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Decision on future of Friarage hospital services already made
A HIGHLY controversial decision on the future of children’s and maternity services at the Friarage hospital has already been decided in private, it was revealed last night.
The Clinical Commissioning Group (CCG) Council of Members, made up of a representative from every GP practice in Hambleton and Richmondshire, decided in a private meeting on February 7 on its preferred option on the future of services at the hospital.
But news on what they have decided will not be released until Thursday (February 20), when a video of the meeting will be posted online on the CCG’s website, nearly two weeks after the meeting took place.
The decision will be ratified at a public meeting at the Golden Lion Hotel in Northallerton on Thursday, February 27, when the governing body will discuss how to implement it.
The CCG will answer questions from the public submitted in advance.
Lay chairman Henry Cronin said the meeting was being held in this way because it was important the public could “observe” how decisions were made about their health services.
He said: “As a CCG that has “transparency” as one of its core values, we believe it’s important that people have the chance to hear our discussions and observe how decisions are made about the health services they access.”
But leader of Richmondshire District Council said the way the decision had been made failed to stand up to the CCG’s own claims of transparency.
In November last year (2013), Richmondshire District Council leader John Blackie and colleagues handed over a proposal to NHS managers which set out how round-the-clock consultant-led maternity and paediatric services could be provided at the Friarage for £200,000 a year - rather than the £2.7m figure quoted by the CCG.
The proposal was drawn up after Coun Blackie and other delegates visited other similar-sized hospitals. The proposal received the backing of foreign secretary and Richmond MP William Hague.
But Coun Blackie says local health chiefs refused to circulate their alternative proposal to GPs before they made their decision. Richmondshire eventually sent copies of the alterative model directly to GPs themselves.
“If you read the CCG’s website, on almost every line are words like “honesty”, “open”, “transparency”, “ready to listen to the public”,” he said.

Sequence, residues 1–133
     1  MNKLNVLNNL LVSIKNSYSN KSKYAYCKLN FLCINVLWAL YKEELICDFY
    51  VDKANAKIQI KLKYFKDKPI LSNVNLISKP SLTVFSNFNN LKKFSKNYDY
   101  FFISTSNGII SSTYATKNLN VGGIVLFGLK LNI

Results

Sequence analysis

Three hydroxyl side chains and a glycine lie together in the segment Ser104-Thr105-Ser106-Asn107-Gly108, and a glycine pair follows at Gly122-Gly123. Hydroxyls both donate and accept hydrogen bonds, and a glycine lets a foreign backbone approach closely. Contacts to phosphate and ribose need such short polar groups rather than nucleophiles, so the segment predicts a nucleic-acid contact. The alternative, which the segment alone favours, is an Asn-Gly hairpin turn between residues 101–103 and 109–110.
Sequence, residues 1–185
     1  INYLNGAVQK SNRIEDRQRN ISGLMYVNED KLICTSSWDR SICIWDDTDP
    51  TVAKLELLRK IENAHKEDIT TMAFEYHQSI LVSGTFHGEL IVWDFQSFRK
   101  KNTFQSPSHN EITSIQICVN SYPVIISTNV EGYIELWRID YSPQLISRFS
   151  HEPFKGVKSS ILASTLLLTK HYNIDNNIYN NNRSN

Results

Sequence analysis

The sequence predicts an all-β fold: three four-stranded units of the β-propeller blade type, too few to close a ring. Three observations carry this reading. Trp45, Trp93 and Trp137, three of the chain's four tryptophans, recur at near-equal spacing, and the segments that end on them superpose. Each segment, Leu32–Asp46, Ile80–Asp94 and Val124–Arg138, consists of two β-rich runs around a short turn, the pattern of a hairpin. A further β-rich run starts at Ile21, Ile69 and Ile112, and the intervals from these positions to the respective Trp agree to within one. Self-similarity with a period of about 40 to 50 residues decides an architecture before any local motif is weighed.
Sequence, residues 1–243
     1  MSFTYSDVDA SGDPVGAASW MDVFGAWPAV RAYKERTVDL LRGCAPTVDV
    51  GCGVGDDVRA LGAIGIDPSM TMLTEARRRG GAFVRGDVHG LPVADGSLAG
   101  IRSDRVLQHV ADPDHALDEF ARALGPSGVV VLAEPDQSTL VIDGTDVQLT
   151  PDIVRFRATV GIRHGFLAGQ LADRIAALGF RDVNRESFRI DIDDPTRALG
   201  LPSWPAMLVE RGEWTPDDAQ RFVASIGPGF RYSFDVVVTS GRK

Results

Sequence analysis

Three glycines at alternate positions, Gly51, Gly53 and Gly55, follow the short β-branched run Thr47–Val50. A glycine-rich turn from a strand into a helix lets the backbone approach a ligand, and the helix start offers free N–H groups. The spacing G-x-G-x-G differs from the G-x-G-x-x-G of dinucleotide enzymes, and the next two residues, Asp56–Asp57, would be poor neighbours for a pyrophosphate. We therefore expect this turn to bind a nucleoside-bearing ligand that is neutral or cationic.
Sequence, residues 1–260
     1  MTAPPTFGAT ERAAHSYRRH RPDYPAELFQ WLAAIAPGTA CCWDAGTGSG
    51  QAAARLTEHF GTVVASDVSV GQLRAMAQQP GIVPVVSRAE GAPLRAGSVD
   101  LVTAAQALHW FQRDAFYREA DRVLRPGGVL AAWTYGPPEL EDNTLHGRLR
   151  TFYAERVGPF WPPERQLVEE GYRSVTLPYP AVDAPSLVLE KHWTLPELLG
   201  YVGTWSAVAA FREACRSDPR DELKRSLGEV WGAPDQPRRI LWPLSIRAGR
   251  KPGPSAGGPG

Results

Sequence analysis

“On the first, crucial test they failed on all counts to live up to the standards they’ve set themselves and that’s very disappointing.
“In the end patients will hold GPs to account, not the management.”
He added: “The meeting on February 20 is rubber stamping, nothing more, nothing less. What we still don’t know is what the decision is.”
The review of services arose in 2011 because health bosses were concerned the hospital was not busy enough to allow doctors to retain their clinical skills and develop new ones.
A public consultation ensued on two options that involved replacing round-the-clock consultant-led care with a midwifery-led unit for low-risk births. Mothers needing more complex care from Hambleton and Richmondshire would be sent to hospitals outside of the county.
The options differed in the kind of paediatric services proposed, with one involving developing a paediatric short-stay unit at the hospital and the other providing only a children’s outpatient service at the hospital.
Public opposition to the changes has been widespread, with a public march through Northallerton in May last year.
An agenda and video of the Council of Members meeting will be available on the CCG’s website on Thursday, February 20 at: www.hambletonrichmondshireandwhitbyccg.nhs.uk Questions prior to the meeting on February 27 can be emailed to; HRWCCG.HRWCCGenquiries@nhs.net by 12pm on Wednesday 26 February.
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